I flop onto my back, heedless for a moment of the fact that the blanket doesn’t come with me, and my breasts poke out—I follow his gaze, and tug the blanket up. “James, I get it.”
I nod. “As much as I can, yes.”
“I want to explain, but after what we just shared together, I don’t want to talk about—” He stops abruptly, shrugging.
I press the blanket against my sternum and shimmy to a sitting position, and I wipe my eyes with my free hand. “Say her name, James.”
If I know anything at all about James, it’s that the raw, brutal truth is always better than a pleasant fiction. “You said her name instead of mine as I made you come, James. You came on me, and you said your dead wife’s name.”
He flinches. “I know, Nova. And I’m sorry.”
I ignore his words. “So, if you want to explain, then explain. And don’t shy away from saying her name, James. It can’t hurt me any more than it already has.”
“I didn’t mean to hurt you,” he says.
I offer a sort-of smile. Not quite forgiveness, or acceptance, but…understanding, perhaps. “I know. The problem is, we don’t have to mean or intend something for it hurt. It still hurts. You said her name instead of mine—it was an accident, and I understand. But it still hurts.”
He sighs, long and slow. “Nova, I…” He wipes his face with a palm. His jeans are still undone, pulled up but unzipped; the gray cotton of his underwear is dotted with a spot where he leaked cum after pulling them up—or perhaps that was pre-cum from being aroused before I took him out. “There was only her. Ever.”
I’ve heard bits and pieces and repeated parts of stories, but that’s not the same as hearing it from him. I stay quiet and keep my eyes on his. I wait.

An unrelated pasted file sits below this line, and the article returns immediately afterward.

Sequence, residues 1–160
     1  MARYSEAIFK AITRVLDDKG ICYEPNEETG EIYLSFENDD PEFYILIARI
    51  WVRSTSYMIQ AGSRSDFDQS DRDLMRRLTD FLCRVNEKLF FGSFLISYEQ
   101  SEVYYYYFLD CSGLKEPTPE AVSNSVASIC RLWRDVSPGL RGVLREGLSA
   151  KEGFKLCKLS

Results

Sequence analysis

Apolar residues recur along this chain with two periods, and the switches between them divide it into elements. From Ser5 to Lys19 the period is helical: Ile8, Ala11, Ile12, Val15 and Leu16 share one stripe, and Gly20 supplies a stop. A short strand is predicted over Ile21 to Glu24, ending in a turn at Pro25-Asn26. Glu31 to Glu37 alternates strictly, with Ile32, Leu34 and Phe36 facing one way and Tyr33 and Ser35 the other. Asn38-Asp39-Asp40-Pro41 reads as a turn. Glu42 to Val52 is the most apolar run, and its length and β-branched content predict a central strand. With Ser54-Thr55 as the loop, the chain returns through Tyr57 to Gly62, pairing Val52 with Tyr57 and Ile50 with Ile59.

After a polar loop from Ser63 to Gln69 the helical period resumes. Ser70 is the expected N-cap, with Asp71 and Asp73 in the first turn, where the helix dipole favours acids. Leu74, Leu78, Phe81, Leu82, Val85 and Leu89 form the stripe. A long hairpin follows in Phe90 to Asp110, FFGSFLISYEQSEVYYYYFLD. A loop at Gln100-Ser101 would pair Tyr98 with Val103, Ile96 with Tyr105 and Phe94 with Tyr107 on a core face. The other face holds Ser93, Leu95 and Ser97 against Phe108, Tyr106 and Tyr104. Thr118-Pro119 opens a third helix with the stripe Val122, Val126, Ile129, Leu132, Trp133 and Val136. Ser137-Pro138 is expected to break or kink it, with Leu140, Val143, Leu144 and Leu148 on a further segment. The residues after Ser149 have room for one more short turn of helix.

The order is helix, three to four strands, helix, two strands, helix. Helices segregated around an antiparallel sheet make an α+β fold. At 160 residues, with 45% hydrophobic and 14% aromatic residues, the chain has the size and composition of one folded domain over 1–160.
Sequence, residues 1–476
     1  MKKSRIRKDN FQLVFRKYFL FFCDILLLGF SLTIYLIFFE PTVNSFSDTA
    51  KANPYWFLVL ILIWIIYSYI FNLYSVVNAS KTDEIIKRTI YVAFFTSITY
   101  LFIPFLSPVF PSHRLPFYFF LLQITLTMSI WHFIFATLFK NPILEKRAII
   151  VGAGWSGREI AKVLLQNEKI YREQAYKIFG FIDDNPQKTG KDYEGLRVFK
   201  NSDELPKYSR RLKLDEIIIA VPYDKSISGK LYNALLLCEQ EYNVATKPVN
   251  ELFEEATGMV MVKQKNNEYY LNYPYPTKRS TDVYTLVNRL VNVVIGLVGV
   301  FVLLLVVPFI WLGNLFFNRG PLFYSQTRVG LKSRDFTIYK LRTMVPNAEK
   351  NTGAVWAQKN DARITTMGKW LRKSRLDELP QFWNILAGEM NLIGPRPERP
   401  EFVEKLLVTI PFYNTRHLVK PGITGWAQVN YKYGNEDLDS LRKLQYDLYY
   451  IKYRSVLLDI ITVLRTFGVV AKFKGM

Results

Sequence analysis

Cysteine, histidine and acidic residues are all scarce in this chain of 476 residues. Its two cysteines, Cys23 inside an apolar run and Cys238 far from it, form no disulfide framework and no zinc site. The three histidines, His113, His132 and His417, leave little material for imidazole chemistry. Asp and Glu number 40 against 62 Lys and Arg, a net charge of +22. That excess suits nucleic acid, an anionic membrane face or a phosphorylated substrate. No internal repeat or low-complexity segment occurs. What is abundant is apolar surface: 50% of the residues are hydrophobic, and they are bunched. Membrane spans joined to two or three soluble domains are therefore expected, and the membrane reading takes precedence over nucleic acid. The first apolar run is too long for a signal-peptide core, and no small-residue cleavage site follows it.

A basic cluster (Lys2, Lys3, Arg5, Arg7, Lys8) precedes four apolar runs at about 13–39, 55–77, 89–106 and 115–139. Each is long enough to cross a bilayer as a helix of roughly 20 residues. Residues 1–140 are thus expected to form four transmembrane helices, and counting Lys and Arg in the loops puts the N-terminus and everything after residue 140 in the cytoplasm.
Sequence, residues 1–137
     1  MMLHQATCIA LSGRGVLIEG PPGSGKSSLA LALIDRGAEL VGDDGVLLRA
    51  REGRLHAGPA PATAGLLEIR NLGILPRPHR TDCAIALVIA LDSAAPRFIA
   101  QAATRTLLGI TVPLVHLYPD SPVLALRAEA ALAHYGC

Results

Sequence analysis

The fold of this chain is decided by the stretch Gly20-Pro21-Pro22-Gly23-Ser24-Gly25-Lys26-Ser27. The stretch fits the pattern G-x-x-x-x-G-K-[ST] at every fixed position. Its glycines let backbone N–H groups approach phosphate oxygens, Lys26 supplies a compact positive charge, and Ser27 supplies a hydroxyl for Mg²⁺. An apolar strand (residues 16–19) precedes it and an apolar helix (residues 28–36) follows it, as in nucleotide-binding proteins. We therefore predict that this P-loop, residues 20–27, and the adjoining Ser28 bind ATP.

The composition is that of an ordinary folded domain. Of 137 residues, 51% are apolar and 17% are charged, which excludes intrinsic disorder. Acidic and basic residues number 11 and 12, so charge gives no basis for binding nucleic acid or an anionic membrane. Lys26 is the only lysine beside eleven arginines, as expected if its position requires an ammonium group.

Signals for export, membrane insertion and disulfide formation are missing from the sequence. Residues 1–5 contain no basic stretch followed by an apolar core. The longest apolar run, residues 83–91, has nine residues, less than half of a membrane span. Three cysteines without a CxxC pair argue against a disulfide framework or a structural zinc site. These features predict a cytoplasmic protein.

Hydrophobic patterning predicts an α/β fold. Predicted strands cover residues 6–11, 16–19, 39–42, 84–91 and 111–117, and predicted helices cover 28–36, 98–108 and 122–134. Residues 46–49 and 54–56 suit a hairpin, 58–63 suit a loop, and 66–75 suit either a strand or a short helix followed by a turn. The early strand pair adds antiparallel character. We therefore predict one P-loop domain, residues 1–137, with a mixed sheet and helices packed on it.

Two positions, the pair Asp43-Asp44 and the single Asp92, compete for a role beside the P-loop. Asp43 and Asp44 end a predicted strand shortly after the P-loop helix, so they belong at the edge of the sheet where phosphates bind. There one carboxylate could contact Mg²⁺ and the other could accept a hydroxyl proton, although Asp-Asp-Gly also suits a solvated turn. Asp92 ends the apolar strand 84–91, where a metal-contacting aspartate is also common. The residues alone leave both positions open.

“I met her in elementary school, same year as I met Jesse, her brother. I liked her from the moment I saw her—she was wearing a denim overall skirt, red tights, little black shoes, and her hair was in two blond braids.”
I laugh. “You remember what she was wearing the first time you met her, what, thirty-five years ago?”
He shrugs. “Like I said, there was only ever her. We were friends until middle school. We antagonized each other in middle school and acted like we suddenly hated each other.”
“As one does in middle school,” I say.
He nods. “And then, the summer before ninth grade, we hung out together a lot, and then we kissed for the first time…” He stares at the ceiling, swallowing hard. “And that was it. After that first kiss, it was just the two of us, James and Renée. We were so inseparable we didn’t just get…what’s the term for combining a couples’ names?”
“Shipping? Like Brangelina?”
“Right, that. We didn’t just get shipped or whatever, our group of friends called us JR, as in James and Renée, like we were a single entity. If they wanted to know where one of us was, they’d ask, ‘Where’s JR?’”
I laugh at that. “Wow. That’s relationship goals right there.”
He shrugs, nods. “Yeah, I guess so.” A long pause. “So, when I say it was only ever her, I mean that in every way. She was my first kiss, my first everything—and not just my first…my only.” His eyes meet mine. “It has only ever been her.”
“I get it, James.”
He shakes his head. “I don’t know if you do.” He swallows hard again. “That time we kissed in my kitchen—that was the first time I’d ever, ever kissed a woman who wasn’t Renée.”
“Oh,” I breathe. “Ohhh.”
“So…” I blink hard, trying to wrap my head around what he’s saying. “So us, just now?”
“You are the only woman who has ever touched me, aside from her. And that was the first I’ve been touched by anyone since she…since Renée died.” His eyes mist, and he blinks hard, turns his head to one side, away from me.
Somehow, his pain in this moment eclipses my own. I touch his cheek, turn his face to mine. “Don’t hide it, James.”
He grumps, gruff, blinks, shakes his head. “I’m just being stupid.”
I rub a thumb across his cheek, under his eye. “Quit acting macho. You’re allowed to feel the way you feel, James, and you’re no less a big, tough, strong, alpha male for shedding a few tears.”
He stares at me. “After what we just did, and after what just happened, I expected you to kick me out, not let me whine about my stupid sob story.”
I shake my head. “Now you’re being stupid, James.” I scoff, my own throat thick. “My story isn’t quite like yours, but I do understand, to a degree.”
He tilts his head to one side. “What do you mean?”
I’d told my story to Laurel and then to Imogen, and thus somehow just assumed James heard about it.